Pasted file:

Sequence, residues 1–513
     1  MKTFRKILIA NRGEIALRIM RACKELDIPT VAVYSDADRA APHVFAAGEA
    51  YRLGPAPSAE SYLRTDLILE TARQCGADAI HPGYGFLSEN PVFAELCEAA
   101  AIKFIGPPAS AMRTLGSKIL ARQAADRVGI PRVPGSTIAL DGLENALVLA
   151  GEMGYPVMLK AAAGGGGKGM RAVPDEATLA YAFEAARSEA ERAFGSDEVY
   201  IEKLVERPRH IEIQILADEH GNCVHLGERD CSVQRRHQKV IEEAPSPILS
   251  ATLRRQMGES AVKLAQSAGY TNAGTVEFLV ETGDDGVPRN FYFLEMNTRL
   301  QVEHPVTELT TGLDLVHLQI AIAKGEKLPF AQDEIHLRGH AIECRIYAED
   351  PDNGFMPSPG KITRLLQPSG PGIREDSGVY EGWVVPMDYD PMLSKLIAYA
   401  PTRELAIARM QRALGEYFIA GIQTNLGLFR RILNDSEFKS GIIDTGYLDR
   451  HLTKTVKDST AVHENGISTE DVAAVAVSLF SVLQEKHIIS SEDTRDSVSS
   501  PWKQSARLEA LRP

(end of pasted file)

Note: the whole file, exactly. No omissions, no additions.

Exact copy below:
Sequence, residues 1–513
     1  MKTFRKILIA NRGEIALRIM RACKELDIPT VAVYSDADRA APHVFAAGEA
    51  YRLGPAPSAE SYLRTDLILE TARQCGADAI HPGYGFLSEN PVFAELCEAA
   101  AIKFIGPPAS AMRTLGSKIL ARQAADRVGI PRVPGSTIAL DGLENALVLA
   151  GEMGYPVMLK AAAGGGGKGM RAVPDEATLA YAFEAARSEA ERAFGSDEVY
   201  IEKLVERPRH IEIQILADEH GNCVHLGERD CSVQRRHQKV IEEAPSPILS
   251  ATLRRQMGES AVKLAQSAGY TNAGTVEFLV ETGDDGVPRN FYFLEMNTRL
   301  QVEHPVTELT TGLDLVHLQI AIAKGEKLPF AQDEIHLRGH AIECRIYAED
   351  PDNGFMPSPG KITRLLQPSG PGIREDSGVY EGWVVPMDYD PMLSKLIAYA
   401  PTRELAIARM QRALGEYFIA GIQTNLGLFR RILNDSEFKS GIIDTGYLDR
   451  HLTKTVKDST AVHENGISTE DVAAVAVSLF SVLQEKHIIS SEDTRDSVSS
   501  PWKQSARLEA LRP